Book Discussion – ‘Indian Migrants in Tokyo’, Institute of Comparative Culture, Sophia University, November 28.,

‘Amidst COVID-19 – Struggles of Indian cooks and Indian Restaurant owners in Tokyo’, A talk at ICU PRI, Peace and COVID-19 Series, International Christian University, December 11.

‘Good, Bad or Worst? Reproductive Health Challenges for Indian Migrant Women in Japan’, Sophia Open Research Week, November 7.

Special Lecture Series: Vulnerable Populations in Japan under Covid-19, Discussion on ‘In the age of COVID-19 – Indian restaurants and the Indian cooks in Japan’, October 28.


‘A part, yet apart: The story of Indian migrant cooks in Japan’, ICAS 11, Leiden, Netherlands, July 15-19.


‘Tales of Business Entrepreneurs and Professionals: Exploring the Working Experiences of Indian Immigrants in Japan’, The Global Conference on Indian Diaspora, The Hague, October 5-7.


‘Challenges of Making Home Away From Home: Life of Indian Migrants in Tokyo’, Workshops of Graduate School of Global Studies, Sophia University, Tokyo, Japan, December 19.

‘Lives, Fears, Relations and Expectations – A Study of Indian Resident Community in Tokyo, Japan’, International Academic Conference on Social Science, Hong Kong, December 16-18.

‘Being Indian, Becoming Japanese: Reflecting on the Shifting Identities and Challenges Faced by the Indian Migrants in Tokyo, Japan’, Indian Food Kaken ‘Food and Identity’, (近現代インドにおける食文化とアイデンティティに関する複合的研究), November 15.

‘Redefining Indian Traditions & Creating New Spaces – Migrant Women of Indian Origin in Tokyo, Japan’, The 28th Annual Conference of Japanese Association for South Asian Studies (JASAS), Tokyo, Japan, September 26-27.

‘Opportunities and Challenges in a Foreign Land: A Study of the Indian Resident Community in Tokyo’, The International Convention of Asian Scholars, ICAS9, Adelaide, Australia, July 5-9.

‘Redefining Traditions and Creating New Spaces –Migrant Women of Indian Origin in Tokyo, Japan’, 5th Asia and Pacific Studies Congress, Paris, France, September 9-11.


‘The Indian Community in Japan: A focus on the Lives, Fears, Problems, Relations, and Expectations of Indians in Tokyo’, The 27th Annual Conference of Japanese Association for South Asian Studies (JASAS), Tokyo, Japan, September 27-28.




TINDAS International Workshop: Religion, Nation, and State in Modern India, Tokyo, Japan,March 27.


‘Commodities in Motion: Objects in (Trans)local Connections in Asia’. Association of Asian Studies (AAS in Asia), New Delhi, India, July 5-7. (Chair and Commentator for the Panel).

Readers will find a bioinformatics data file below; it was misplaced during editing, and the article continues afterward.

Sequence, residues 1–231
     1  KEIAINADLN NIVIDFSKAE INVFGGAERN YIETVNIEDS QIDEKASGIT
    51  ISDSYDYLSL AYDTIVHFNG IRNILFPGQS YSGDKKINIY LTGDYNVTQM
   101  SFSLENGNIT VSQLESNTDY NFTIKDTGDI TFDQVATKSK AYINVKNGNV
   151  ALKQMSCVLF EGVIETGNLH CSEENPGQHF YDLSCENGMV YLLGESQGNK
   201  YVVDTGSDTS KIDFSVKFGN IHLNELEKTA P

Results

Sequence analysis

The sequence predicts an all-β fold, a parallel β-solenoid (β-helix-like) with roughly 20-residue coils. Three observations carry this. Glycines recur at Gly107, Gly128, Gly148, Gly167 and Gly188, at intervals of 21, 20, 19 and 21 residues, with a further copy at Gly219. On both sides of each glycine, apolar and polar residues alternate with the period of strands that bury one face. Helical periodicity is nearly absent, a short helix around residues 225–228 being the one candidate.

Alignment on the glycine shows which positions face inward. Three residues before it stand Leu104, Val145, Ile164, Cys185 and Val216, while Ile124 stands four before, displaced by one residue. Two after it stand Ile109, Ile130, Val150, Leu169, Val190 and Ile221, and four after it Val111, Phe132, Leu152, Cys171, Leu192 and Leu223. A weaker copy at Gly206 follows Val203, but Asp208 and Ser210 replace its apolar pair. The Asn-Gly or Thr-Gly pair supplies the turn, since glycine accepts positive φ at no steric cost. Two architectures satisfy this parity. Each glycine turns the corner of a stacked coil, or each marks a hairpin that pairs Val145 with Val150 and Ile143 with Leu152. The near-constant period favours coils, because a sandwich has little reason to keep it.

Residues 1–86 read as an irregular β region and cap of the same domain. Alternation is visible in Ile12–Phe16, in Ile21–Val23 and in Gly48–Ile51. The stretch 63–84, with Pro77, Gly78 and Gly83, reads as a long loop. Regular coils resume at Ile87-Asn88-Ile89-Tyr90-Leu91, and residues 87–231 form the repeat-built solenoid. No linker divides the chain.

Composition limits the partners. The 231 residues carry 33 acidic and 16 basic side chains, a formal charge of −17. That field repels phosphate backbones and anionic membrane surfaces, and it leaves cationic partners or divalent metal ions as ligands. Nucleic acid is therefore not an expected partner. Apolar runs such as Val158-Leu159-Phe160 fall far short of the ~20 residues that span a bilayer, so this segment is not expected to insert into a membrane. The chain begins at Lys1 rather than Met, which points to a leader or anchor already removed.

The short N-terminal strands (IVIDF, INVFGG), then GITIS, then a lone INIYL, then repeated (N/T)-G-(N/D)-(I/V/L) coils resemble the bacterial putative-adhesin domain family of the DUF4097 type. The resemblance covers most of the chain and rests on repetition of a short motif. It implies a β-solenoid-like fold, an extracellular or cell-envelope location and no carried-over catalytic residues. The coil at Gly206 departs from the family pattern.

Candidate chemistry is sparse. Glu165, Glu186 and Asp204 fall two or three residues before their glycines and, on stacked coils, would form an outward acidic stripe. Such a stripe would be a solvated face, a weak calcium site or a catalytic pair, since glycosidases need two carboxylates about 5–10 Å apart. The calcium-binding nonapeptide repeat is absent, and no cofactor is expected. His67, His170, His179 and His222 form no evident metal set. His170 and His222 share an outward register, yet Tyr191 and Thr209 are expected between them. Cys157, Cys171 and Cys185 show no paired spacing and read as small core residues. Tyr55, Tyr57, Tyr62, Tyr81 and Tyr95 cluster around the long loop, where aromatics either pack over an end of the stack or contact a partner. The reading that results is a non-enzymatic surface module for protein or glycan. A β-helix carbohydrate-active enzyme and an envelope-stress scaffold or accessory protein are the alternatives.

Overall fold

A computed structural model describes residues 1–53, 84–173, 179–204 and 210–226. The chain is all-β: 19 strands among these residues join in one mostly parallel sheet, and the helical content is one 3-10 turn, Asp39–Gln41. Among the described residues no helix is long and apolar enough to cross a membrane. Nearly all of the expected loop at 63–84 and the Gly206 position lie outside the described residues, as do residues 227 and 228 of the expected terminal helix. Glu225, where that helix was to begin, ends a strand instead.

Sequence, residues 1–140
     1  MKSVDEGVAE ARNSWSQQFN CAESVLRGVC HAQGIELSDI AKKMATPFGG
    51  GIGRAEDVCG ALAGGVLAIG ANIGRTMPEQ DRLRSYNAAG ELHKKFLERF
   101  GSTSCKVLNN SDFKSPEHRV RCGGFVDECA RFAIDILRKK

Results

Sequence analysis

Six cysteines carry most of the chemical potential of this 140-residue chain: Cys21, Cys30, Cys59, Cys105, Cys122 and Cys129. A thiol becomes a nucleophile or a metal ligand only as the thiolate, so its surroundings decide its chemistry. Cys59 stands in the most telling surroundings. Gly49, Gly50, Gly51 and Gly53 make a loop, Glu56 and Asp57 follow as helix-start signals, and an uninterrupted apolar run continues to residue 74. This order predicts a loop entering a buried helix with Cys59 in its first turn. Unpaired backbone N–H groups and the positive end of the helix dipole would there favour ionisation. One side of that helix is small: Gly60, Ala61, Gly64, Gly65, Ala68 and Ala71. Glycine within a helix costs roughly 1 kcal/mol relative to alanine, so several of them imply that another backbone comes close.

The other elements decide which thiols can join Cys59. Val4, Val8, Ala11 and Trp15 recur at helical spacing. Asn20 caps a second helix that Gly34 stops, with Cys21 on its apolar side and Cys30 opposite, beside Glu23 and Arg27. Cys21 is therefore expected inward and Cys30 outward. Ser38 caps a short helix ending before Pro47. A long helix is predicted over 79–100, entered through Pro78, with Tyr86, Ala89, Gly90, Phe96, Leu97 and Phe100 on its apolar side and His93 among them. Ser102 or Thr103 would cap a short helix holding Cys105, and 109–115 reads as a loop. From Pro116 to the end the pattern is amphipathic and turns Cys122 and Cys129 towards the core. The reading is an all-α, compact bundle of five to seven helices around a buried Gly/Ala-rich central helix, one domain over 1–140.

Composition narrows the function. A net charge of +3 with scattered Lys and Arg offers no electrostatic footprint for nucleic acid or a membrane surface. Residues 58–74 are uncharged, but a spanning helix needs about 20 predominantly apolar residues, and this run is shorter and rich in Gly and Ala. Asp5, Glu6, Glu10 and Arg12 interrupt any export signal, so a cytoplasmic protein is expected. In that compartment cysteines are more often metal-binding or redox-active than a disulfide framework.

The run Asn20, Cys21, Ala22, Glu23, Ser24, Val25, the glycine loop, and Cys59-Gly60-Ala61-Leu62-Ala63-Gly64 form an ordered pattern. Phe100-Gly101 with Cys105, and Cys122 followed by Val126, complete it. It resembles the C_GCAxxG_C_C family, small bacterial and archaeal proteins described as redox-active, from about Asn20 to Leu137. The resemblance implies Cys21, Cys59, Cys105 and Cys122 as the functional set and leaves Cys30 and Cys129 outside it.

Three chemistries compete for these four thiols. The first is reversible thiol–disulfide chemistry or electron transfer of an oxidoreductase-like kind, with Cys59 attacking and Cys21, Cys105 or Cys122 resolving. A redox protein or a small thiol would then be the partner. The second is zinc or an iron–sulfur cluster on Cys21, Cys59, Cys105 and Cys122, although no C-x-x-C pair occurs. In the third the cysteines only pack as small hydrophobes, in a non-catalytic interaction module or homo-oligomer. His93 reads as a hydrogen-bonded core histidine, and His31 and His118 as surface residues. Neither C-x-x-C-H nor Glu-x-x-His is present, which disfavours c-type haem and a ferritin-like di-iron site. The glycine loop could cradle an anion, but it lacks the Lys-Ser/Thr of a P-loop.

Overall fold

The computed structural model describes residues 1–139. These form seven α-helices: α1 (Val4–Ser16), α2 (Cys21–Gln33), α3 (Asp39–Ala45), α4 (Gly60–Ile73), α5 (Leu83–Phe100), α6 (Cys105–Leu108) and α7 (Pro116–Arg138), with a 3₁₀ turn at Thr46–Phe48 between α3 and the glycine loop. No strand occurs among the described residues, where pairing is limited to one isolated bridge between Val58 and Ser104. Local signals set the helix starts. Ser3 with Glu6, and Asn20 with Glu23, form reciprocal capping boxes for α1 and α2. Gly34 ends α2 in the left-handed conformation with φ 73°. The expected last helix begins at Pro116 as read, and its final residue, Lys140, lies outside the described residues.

Workshops Organized

‘Migrant Stories of Indian Cooks and Afghani Women in Japan’. Workshop at Sophia University. Presentation paper title, ‘Labor laws vs the reality: Reflecting on the narratives of Indian cooks and Indian restaurant owners in Japan’ and Documentary Screening – ‘Daughters from Afghanistan’ by Megha Wadhwa in collaboration with Masako Tanaka and David H. Slater, 15 November, 2019.(


‘Uprooting, Redefining, Resettling: A Graduate Student Workshop on Women Migrant Lives in Japan.Presentation paper title, ‘Striking a Balance in Negotiating Identities – Indian Migrant Women Creating New Spaces in Tokyo, Japan’, Workshops of Graduate School of Global Studies, Sophia University, 16 January, 2016.(


Guest Lectures


‘Fieldwork Experiences – Ethnographic Research on Indian Migrants in Tokyo’, Ph.D Seminar in Ethnographic Writing, Department of Social Anthropology, Tokyo Metropolitan University, May 14.

‘Life Stories of Indian Migrants in Tokyo: Fairy Tales and Nightmares’, Nissan Institute of Japanese Studies, Oxford School of Global and Area Studies, May 7.

‘Indian Cooks in Japan at the mercy of their bosses and the state?’ – Impacts of COVID-19, GEAS Digital Lecture Series: East Asian Responses to Crisis, April 29.


‘Indian migrants in Tokyo’, Ryukoku University (龍谷大学国際学部), October 27.

『インドと日本の間の異文化体験』, Nanzan University, October 16.


‘Finding their Niche in Japan– Inspiring Stories of Indian Migrant Women’, 2019年度 第一回FINDAS若手研究者セミナー「南アジアの宗教コミュニティと生活世界―ジェンダーの観点から」October 26.


‘Indian Community in Japan’, Toyo University. (Invited by Prof. Sumiko Yamamoto).

‘National Cuisine of India?’, Sophia University. (Invited by Prof. Takefumi Terada)


‘Identifying India: Social Stratification, Education, Religion, Women’, Faculty of Global Studies, Sophia University (Invited by Prof. Masako Tanaka).

‘Indian Community in Japan’, Seisen University.  (Invited by Prof. Takefumi Terada)


‘Women in India – Life and Traditions’, Sophia University. (Invited by Prof. Cyril Veliath)


Contributions and Acknowledgements

Published photographs in インドを知る事典 Encyclopedia of India (2016)  by Yamashita Hiroshi and Okamitsu Nobuko

Subtitled an academic  documentary ‘A Kali Temple Inside Out’ (2018) by Dipesh Kharel


Teaching Experience 

2020 -2021 Center for Language Education and Research, Sophia University, Tokyo (Lecturer)

2016 – 2021  Global Studies in English, Kyoritsu Women University, Tokyo (Lecturer)

2017 – 2018  Japan College of Social Work, Tokyo (Lecturer)



Daughters from Afghanistan (2019)

A 7 minute documentary – Indian cooks in Japan (2020)

Finding their niche: Unheard stories of migrant women (2022)